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United States v. Jones

United States District Court, E.D. Virginia, Richmond Division

December 21, 2016



          Henry E. Hudson United States District Judge.

         The Defendant Antonio Jones appeals to this Court the sentence imposed by the United States Magistrate Judge after finding him in violation of the terms and conditions of his probation. This Court's review focuses on the record of that court's proceedings, along with the transcript of the sentencing proceedings at issue. As articulated in Rule 58 of the Federal Rules of Criminal Procedure, "[t]he scope of the appeal is the same as in an appeal to the court of appeals from a judgment entered by a district judge." Fed. R. Crim. P. 58(g)(2)(D). Accordingly, the Defendant is not entitled to a de novo proceeding. Id. Both parties have submitted memoranda supporting their respective positions. The Court heard oral argument on December 16, 2016. For the reasons that follow, this Court finds that the sentence imposed by the United States Magistrate Judge is both procedurally and substantively reasonable.

         The Defendant initially appeared before the Magistrate Judge on September 4, 2015, after being charged by criminal information with operating a motor vehicle under the influence of alcohol, in violation of §§ 18.2-270 and 46.2-266, Code of Virginia, as assimilated under 18 U.S.C. § 13. At the time of his initial appearance, the Defendant waived trial by a United States District Judge and consented to disposition of his case by a United States Magistrate Judge.

         On October 16, 2015, the Defendant entered a plea of guilty to the amended charge of reckless driving, in violation of § 46.2-852, Code of Virginia, as assimilated under 18 U.S.C. § 13. Prior to sentencing, the Magistrate Judge ordered the preparation of a modified Presentence Investigation Report, accompanied by a calculation of the Defendant's United States Sentencing Guidelines. The probation officer determined that the Defendant had a Total Offense Level of 4, Criminal History Category III, yielding a guideline range of zero to six months of confinement, with a statutory maximum of twelve months. The guidelines also provided for up to three years of probation with a statutory maximum of five years. Neither the Defendant nor the United States offered any objections to the probation officer's calculation of the Guidelines.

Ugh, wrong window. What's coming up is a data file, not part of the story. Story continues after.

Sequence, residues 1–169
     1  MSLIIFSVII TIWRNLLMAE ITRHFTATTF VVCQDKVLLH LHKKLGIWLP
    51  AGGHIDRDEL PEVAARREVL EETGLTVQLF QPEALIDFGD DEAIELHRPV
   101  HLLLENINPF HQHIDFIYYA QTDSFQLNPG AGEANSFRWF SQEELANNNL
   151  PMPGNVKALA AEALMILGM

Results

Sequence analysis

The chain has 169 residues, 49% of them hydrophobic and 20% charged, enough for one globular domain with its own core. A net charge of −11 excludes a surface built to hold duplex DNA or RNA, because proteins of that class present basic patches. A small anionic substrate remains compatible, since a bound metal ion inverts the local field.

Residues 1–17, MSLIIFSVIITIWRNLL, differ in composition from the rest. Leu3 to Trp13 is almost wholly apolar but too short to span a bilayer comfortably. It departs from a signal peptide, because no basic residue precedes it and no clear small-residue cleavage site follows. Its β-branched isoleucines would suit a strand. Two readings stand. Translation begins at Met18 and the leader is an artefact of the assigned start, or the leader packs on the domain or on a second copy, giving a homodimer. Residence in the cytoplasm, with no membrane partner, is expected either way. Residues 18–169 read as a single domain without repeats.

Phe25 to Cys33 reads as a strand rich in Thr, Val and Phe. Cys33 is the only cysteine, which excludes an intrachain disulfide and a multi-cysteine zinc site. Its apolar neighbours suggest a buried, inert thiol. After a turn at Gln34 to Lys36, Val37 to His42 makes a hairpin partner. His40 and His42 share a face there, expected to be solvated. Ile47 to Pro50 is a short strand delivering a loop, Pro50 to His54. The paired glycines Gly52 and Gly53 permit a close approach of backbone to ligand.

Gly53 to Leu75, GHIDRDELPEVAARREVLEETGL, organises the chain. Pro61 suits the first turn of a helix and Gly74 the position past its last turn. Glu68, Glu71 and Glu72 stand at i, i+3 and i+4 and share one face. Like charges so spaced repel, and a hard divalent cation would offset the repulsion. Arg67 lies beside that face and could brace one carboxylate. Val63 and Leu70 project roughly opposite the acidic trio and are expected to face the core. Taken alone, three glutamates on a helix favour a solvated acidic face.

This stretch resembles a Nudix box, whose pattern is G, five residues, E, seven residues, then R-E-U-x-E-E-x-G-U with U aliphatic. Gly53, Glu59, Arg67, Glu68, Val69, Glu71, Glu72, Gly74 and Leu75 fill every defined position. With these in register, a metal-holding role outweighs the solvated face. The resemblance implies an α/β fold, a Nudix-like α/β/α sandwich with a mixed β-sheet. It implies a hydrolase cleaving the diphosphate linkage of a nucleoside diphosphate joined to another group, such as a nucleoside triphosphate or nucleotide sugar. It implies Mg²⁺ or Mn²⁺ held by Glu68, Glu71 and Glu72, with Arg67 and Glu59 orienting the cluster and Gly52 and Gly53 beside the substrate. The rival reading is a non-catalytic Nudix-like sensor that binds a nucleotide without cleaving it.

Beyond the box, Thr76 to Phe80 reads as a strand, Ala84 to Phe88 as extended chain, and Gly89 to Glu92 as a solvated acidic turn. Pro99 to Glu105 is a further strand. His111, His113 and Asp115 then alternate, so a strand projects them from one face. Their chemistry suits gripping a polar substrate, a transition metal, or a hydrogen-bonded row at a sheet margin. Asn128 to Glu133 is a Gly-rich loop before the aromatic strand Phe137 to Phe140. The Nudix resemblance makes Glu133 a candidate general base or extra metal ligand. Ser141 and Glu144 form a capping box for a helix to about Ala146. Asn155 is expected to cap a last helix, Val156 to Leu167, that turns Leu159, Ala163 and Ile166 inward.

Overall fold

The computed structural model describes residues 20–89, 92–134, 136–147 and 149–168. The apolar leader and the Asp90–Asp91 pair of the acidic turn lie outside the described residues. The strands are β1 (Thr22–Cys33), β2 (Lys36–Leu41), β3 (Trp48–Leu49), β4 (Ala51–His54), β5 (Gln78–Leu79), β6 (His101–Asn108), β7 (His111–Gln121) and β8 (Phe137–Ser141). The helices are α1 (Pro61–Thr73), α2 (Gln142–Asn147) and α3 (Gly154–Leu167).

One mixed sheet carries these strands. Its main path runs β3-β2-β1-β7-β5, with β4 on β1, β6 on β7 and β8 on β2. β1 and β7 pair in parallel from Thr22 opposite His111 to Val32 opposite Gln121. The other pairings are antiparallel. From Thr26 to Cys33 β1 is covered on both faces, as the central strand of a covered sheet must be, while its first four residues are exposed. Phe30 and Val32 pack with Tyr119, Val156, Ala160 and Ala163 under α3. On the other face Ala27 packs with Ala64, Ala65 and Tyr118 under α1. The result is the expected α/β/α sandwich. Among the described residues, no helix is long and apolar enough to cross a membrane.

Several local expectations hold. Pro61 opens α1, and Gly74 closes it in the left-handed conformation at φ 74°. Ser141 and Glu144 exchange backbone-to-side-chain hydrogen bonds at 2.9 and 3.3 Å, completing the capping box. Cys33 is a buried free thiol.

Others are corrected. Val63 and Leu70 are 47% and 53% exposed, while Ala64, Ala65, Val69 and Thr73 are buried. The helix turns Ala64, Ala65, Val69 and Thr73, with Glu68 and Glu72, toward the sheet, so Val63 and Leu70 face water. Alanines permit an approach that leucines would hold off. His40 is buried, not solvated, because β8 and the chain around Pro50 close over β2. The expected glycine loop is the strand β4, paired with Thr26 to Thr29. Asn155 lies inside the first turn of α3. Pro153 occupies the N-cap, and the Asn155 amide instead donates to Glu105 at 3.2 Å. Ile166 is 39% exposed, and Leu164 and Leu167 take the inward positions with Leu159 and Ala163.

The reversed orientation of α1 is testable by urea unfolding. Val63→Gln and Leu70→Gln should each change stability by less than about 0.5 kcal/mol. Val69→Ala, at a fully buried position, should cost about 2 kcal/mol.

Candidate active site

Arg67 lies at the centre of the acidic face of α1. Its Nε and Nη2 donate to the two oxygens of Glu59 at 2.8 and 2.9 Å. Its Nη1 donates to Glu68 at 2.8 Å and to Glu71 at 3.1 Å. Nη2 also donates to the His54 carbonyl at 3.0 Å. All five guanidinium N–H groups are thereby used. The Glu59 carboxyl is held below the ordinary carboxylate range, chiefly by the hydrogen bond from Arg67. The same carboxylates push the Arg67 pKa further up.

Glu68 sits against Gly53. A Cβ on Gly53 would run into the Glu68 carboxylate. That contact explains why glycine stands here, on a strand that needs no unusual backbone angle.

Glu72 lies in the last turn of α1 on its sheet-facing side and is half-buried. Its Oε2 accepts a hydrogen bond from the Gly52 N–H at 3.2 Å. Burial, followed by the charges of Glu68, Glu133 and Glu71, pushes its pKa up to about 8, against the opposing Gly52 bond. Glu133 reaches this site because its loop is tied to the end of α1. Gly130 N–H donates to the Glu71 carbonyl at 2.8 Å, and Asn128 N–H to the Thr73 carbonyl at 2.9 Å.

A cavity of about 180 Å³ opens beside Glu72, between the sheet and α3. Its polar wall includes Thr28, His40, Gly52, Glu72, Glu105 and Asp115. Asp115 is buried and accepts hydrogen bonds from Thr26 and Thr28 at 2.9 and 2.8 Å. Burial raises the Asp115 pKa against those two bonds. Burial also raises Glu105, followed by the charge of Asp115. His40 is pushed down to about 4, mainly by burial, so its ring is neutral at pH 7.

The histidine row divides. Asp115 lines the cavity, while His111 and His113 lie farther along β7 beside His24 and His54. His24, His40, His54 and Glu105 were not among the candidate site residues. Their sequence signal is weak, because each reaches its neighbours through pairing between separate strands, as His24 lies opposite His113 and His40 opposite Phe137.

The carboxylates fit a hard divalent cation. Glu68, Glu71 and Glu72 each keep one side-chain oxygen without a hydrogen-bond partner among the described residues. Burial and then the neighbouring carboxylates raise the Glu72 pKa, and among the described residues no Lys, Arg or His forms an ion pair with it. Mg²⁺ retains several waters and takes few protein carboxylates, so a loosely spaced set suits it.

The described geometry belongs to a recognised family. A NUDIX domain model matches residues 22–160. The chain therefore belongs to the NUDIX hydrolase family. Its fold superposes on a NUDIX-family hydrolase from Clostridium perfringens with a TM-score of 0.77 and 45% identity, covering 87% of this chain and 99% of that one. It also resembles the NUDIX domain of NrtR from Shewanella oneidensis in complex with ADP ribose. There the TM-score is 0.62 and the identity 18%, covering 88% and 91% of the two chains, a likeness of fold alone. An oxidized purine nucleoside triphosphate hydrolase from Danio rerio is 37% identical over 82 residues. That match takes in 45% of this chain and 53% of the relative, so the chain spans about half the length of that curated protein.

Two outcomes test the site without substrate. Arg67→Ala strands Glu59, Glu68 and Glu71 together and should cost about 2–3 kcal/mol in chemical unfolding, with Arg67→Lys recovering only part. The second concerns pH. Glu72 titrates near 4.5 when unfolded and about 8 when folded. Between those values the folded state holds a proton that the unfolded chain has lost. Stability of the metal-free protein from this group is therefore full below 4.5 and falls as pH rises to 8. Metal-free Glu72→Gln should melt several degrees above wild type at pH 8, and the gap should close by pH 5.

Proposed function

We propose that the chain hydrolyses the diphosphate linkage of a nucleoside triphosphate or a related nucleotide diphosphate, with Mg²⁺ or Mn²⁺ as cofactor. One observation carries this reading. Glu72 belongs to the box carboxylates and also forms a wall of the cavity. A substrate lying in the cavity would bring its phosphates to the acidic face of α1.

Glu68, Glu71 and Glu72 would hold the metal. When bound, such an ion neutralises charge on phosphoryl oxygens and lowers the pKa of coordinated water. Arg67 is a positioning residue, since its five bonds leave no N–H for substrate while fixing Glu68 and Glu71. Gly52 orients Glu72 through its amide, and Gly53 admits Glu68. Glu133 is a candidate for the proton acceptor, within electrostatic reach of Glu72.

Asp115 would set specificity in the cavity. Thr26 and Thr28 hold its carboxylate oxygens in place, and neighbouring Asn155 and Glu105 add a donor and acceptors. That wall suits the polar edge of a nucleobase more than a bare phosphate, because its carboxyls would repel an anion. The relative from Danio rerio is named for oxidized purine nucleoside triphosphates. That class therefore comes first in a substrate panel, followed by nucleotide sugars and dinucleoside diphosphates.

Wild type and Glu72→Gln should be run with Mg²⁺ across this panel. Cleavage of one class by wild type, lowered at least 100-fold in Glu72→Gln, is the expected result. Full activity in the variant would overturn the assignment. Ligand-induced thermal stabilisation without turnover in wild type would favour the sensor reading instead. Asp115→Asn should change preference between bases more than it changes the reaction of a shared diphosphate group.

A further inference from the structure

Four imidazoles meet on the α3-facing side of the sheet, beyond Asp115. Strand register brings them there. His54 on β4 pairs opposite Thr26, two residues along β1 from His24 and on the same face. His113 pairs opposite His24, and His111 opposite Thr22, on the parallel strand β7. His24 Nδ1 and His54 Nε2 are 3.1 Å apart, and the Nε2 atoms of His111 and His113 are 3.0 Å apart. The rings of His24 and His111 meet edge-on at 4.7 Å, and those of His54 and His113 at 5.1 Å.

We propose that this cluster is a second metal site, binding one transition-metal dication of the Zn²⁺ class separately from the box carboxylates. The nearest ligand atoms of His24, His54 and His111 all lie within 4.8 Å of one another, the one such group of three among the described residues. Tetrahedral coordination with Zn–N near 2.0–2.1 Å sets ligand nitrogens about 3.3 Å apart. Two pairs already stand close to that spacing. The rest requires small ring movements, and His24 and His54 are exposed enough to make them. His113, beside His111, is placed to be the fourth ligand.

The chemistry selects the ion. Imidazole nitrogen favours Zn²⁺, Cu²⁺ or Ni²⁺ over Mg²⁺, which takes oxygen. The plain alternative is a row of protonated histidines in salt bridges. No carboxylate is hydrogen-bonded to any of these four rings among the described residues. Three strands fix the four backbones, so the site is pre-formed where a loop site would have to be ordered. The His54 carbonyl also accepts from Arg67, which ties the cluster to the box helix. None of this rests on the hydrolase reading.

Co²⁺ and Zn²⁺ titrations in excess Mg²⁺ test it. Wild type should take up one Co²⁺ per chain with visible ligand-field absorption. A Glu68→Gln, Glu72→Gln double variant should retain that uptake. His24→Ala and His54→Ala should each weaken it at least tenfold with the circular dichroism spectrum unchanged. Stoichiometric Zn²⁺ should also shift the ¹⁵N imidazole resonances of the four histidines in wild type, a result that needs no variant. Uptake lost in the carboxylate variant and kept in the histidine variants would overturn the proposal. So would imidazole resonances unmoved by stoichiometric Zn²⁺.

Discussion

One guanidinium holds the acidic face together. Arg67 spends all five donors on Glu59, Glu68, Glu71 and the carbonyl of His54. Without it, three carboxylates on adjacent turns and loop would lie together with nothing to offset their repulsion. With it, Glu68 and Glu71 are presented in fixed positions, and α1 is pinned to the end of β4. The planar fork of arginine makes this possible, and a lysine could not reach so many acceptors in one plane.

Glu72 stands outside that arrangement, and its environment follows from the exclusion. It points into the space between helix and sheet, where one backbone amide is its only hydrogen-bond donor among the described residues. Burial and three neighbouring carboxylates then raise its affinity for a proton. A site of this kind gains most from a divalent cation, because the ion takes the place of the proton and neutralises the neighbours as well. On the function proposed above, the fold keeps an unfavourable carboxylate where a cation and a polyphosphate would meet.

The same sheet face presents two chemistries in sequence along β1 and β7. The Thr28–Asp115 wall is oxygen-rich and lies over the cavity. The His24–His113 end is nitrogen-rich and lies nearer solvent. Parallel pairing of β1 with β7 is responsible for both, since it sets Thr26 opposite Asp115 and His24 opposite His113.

On November 24, 2015, the Magistrate Judge sentenced the Defendant to thirty months of probation, adding the special conditions that he totally abstain from the use of alcohol and enroll in and successfully complete an alcohol safety action program. The standard terms and conditions of probation also included a prohibition from violating any federal, state, or local laws. The record reveals no restriction on the Defendant's operation of a motor vehicle.

         On July 21, 2016, the probation officer filed a petition alleging violations of the Defendant's probation. The probation officer reported that the Defendant had been arrested in Brunswick County, Virginia, for driving under the influence of alcohol and possession of an open container of alcohol. The officer further noted two violations of the special condition of the Defendant's probation disallowing consumption of alcohol. Those violations encompassed both his arrest on July 3, 2016, for driving under the influence of alcohol, and a May 26, 2016, urine specimen which tested positive for alcohol.